DNA testing and marine geology shows how the now-extinct Falkland Islands wolf crossed almost 300 miles of sea.
In 1690, British explorers at the Falkland Islands questioned how a wolf made its way almost 300 miles from the Argentinian shore to the isolated islands. In 1834, on his famous Beagle voyage, Charles Darwin asked the same question. Now a team of researchers say they've figured out how the now-extinct species managed the trip: it skated over.
To figure it out, a University of Adelaide team did some DNA digging. First they tested tissue samples from the skull of a wolf Darwin himself (!) collected and samples from a recently uncovered wolf specimen in New Zealand.
They also looked at six specimens from a related species--the almost-wolf Dusicyon avus--to determine when, exactly, the Falkland wolf diverged genetically. DNA testing seemed to show the two split ways about 16,000 years ago.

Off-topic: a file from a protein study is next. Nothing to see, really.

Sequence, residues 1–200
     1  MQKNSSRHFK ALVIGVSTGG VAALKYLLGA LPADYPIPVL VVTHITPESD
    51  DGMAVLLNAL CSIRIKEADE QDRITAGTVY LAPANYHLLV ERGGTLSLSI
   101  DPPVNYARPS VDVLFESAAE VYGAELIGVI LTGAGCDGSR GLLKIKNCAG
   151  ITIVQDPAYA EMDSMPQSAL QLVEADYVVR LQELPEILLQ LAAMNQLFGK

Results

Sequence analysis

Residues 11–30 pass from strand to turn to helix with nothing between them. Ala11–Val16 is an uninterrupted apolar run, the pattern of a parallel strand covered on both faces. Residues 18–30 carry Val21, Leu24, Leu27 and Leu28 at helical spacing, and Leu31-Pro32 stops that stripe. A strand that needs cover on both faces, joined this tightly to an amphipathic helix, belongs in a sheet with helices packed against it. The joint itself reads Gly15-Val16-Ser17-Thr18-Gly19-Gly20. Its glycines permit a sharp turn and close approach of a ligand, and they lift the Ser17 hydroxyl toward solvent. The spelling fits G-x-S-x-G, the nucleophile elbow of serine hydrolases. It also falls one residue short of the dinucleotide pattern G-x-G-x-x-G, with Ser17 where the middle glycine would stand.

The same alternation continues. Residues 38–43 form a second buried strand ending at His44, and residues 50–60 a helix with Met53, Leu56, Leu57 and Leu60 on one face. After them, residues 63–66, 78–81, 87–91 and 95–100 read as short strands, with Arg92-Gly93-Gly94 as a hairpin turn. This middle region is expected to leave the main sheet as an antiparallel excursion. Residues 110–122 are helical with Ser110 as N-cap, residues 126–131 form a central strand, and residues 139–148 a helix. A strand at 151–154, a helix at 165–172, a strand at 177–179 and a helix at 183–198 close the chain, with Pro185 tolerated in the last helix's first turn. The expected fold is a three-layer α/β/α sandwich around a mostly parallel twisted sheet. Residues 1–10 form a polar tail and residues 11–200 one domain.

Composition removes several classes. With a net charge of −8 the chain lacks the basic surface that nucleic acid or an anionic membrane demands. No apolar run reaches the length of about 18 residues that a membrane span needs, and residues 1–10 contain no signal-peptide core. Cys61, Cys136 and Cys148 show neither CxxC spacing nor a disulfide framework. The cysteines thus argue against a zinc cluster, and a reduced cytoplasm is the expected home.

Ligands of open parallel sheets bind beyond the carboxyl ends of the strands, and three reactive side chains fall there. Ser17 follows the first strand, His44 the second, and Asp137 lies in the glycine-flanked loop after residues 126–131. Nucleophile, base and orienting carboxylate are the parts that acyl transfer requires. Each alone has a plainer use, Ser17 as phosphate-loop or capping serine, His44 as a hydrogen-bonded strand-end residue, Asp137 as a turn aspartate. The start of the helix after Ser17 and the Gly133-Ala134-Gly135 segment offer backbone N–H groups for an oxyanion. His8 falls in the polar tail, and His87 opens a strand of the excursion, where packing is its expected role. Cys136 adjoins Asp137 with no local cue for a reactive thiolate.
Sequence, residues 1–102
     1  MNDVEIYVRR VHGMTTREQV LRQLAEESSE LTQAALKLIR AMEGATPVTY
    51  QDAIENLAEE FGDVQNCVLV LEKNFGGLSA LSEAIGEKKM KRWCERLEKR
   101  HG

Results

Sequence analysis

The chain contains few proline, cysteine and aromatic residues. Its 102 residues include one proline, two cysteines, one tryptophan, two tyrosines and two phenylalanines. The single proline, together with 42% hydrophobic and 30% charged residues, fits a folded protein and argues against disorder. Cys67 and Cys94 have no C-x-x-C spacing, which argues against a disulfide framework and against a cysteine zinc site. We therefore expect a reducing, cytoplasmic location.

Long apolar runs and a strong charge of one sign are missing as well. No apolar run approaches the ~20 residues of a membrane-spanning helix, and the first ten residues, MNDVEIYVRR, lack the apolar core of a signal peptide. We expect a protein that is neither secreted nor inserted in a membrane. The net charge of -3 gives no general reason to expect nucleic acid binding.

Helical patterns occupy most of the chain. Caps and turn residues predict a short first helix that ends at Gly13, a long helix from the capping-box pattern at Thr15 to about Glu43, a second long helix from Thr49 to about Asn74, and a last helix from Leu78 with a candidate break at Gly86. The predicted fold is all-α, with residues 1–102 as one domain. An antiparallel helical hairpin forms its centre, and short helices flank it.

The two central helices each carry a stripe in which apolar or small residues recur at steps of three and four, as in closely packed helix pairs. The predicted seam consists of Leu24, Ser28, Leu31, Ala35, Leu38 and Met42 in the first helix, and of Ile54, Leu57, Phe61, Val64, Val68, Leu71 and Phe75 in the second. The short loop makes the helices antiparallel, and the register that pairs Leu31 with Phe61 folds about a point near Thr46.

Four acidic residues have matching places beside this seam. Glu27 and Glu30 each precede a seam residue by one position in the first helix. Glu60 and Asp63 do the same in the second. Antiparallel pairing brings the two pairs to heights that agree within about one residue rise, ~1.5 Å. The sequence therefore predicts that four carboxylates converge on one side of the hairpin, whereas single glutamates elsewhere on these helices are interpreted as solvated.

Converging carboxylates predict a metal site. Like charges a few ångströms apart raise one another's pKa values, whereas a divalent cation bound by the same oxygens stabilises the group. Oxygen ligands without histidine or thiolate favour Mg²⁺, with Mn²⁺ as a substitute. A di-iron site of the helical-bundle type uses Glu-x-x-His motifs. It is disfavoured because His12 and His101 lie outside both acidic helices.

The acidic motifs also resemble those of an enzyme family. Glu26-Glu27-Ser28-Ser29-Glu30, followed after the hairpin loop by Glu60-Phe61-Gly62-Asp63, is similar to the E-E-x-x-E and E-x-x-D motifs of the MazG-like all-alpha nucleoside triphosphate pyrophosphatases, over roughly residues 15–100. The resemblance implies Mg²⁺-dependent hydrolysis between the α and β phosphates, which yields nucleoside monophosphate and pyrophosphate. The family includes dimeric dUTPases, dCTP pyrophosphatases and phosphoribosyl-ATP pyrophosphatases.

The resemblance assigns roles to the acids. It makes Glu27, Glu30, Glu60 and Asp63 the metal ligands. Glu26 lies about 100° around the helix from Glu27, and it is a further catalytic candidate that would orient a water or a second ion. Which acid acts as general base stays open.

Other studies that relied on museum specimens, the researchers say, didn't use Dusicyon avus, and suggested the Falkland wolf diverged millions of years ago, colonizing the islands about 330,000 years ago.
That opened up the mystery to interpretation: Did humans bring it over? Did it make a raft or something? Did it, like, swim?
Researchers had a little epiphany looking at submarine terraces, which showed that the Last Glacial Maximum--a climate period characterized by low sea levels about 18,000-plus years ago--could've provided the perfect route for the wolves to cross.
A narrow strait was formed during the time, and the wolves could've made their way over while chasing after food. No cute little wolf ice skates, unfortunately, but still pretty amazing.